Here John Harrison carried on farming pursuits the rest of his life.
He also had two brothers, Eli and Joshua, who came to this county.
N. Carman lived on the old homestead in Clark township until the
mother's death in 1899, after which he made his home with his son,
Benjamin F., until his death, which occurred in August, 1910. They
were the parents of seven children, of whom two sons died in infancy,
two daughters, Mary E. and Martha, died in childhood, while those
living are: Prsicilla A., the wife of John F. Zimmerman of Ladoga;
Sallie F., the wife of Joseph Albert Smith, of Jamestown, and Benfamin
F., of Ladoga. William N. Carman always followed the vocation of
farming, in which he was successful, being energetic and practical
in his efforts. Religiously, he was one of the charter members of
Bethel Christian church, of which he was elected elder and to which
he donated an acre of ground on which to build the church. He owned
altogether about four hundred acres of land, which, before his death,
he divided among his children.
F. Carman was reared on the home farm, where he remained until he
was twenty-five years old, securing a good practical education the
meanwhile in the public schools. After his marriage, in 1884, he
farmed with his father for about a year, at the end of which time
he moved to a place about a half mile north of the home place, where
during the following seventeen years he devoted himself steadily
to agriculture, and with gratifying results. He was elected to the
office of auditor of Montgomery county, to take office in 1904,
but, the office becoming vacant before his elective term begun,
he was appointed to the office in the fall of 1903, thus holding
the office for four years and two months. About a year before the
expiration of his official term, Mr. Carman, on December 3, 1906,
bought the Knox hardware store in Ladoga, and thereupon moved his
family from Crawfordsville to that place. He was now an extremely
busy man, having the official duties as auditor, the management
of a hardware store and the supervision of a large farm on his hands,
but he successfully took care of all his interests, discharging
his public duties to the entire satisfaction of his fellow citizens.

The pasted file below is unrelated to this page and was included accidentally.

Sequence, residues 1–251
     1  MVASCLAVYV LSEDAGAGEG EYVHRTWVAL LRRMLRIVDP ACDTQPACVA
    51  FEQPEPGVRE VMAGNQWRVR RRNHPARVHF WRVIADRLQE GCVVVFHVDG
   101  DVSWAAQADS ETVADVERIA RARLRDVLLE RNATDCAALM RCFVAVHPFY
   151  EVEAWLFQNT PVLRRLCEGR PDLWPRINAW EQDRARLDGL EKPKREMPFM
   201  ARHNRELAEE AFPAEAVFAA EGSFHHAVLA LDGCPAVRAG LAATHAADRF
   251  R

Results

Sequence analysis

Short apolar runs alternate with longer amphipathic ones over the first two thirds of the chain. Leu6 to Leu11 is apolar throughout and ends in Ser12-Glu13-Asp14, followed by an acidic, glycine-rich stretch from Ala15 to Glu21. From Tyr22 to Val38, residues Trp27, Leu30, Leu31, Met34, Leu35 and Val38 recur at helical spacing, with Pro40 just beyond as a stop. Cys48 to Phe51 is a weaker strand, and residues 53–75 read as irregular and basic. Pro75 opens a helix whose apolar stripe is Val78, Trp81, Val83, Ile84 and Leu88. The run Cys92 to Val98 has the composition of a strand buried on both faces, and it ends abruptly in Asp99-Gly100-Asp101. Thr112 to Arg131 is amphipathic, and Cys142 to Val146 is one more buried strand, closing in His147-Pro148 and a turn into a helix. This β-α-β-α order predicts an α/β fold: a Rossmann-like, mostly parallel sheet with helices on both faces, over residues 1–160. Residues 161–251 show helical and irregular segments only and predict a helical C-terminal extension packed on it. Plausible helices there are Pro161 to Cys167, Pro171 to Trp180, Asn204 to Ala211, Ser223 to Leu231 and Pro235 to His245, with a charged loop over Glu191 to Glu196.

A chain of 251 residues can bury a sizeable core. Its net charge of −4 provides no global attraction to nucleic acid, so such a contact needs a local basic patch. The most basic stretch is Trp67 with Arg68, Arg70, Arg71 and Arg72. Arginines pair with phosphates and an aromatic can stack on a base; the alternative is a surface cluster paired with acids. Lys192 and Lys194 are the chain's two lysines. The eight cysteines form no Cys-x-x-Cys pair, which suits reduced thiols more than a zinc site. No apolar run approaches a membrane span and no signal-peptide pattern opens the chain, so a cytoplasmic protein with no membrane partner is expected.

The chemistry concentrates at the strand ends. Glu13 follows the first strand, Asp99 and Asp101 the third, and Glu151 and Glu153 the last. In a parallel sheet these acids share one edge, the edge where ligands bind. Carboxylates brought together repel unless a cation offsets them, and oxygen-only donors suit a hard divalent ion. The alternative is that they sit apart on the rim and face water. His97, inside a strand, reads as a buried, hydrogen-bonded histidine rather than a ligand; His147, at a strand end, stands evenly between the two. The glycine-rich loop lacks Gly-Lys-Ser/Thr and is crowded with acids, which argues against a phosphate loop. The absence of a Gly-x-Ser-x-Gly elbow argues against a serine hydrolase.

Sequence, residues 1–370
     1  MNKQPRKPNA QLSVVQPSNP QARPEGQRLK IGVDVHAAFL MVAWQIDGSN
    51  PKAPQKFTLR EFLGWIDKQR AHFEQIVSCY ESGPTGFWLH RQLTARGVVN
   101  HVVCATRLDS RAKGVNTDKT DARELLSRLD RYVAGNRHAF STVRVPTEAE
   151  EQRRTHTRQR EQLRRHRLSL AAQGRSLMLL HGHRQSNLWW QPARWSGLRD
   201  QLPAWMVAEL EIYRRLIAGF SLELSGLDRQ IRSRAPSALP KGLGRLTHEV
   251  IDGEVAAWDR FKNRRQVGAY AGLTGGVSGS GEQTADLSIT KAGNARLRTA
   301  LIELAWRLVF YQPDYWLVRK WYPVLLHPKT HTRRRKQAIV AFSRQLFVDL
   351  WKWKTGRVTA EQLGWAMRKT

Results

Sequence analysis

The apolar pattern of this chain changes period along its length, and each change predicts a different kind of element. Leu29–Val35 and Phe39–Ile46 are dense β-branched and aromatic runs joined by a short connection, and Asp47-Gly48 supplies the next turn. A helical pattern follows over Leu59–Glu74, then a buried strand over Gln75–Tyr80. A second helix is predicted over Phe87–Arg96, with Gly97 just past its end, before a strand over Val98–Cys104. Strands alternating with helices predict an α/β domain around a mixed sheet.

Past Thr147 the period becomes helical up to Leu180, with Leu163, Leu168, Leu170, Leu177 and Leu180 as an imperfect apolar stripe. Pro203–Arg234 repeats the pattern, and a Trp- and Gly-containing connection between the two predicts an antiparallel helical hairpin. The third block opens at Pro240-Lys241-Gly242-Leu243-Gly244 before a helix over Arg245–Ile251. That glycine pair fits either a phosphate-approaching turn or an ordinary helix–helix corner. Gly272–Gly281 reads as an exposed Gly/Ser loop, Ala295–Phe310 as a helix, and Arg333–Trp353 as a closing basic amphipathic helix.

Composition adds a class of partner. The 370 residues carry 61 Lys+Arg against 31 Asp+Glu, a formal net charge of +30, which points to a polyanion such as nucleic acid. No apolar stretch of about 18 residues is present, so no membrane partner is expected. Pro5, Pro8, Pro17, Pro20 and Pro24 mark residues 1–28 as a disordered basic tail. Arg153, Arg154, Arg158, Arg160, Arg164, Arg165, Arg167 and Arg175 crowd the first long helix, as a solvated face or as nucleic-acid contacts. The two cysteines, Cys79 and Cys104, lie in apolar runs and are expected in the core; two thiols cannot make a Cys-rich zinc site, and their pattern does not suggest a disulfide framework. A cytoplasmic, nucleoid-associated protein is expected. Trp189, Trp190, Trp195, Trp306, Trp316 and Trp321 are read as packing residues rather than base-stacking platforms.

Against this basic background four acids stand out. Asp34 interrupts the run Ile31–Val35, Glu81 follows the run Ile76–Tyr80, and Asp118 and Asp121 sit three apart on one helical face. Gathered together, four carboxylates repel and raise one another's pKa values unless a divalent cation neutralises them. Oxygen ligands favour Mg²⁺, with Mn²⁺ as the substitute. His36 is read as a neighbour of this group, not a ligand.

About three years after acquiring the store he took his son, Walter,
in as a partner, and on June 1, 1910, he sold his remaining interest
in the business to Ralph F. Blatchley. Then giving his entire attention
to agriculture, he bought the interests of the other heirs in his
father's farm, thus becoming the owner of two hundred and eighty-five
acres of splendid land in Clark township. About 1909 Mr. Carman
bought the George Grimes residence in Ladoga, a comfortable and
attractive home, where he now resides.
September 11, 1884, Benjamin F. Carman was united in marriage with
Lelia B. White, who was born and reared in Clark township, being
the daughter of James L. and Harriet (Cox) White, the father having
come to this state frm Ohio in an early day. To Mr. and Mrs. Carman
have been born four children, the two first of whom, born on August
28, 1885, were twins, George Waller and John Walter. The first named
died on April 26, 1888. The other two children are Anna L. and Bertha
Irene. The latter is at home with her parents, while Anna L. is
the wife of Guy Britton, of Roachdale.
Carman lived with his parents on the home farm until he was eighteen
years old, and secured a good public school education, attending
the high schools at Ladoga and Crawfordsville. He then attended
business college, graduating in both bookkeeping an stenography,
after which, for a year, he was employed as a clerk in the Crawfordsville
State Bank. He has been in the hardware business since January 1,
1907. One June 21, 1911, he was married to Hazel B. Shackelford,
the daughter of Mark Shackelford, of Ladoga.
Benjamin F. Carman has always given his support to the Republican
party and has ever taken a lively interest in the trend of public
affairs. His religious membership is with the Christian church,
of which he is an elder and to which he gives a liberal support.
Fraternally, he belongs to the Free and Accepted Masons, the Independent
Order of Odd Fellows and the Tribe of Ben-Hur, in all of which he
takes an active interest. In every avenue of life's activities in
which he has engaged, Mr. Carman has been true to every trust, and
throughout the county he is held in the highest esteem. Persistent
industry and the exercise of the ordinary quality of common sense-these
have been the keynotes to the success which has crowned his efforts.
Though devoting himself closely to his own business affairs, he
has not been unmindful of his higher duties as a citizen and he
has given his unqualified support to every movement which has promised
to benefit the community, morally, educationally, socially and materially.
Personally, he is a man of pleasing address and his friends in Montgomery
county are in number at his acquaintances.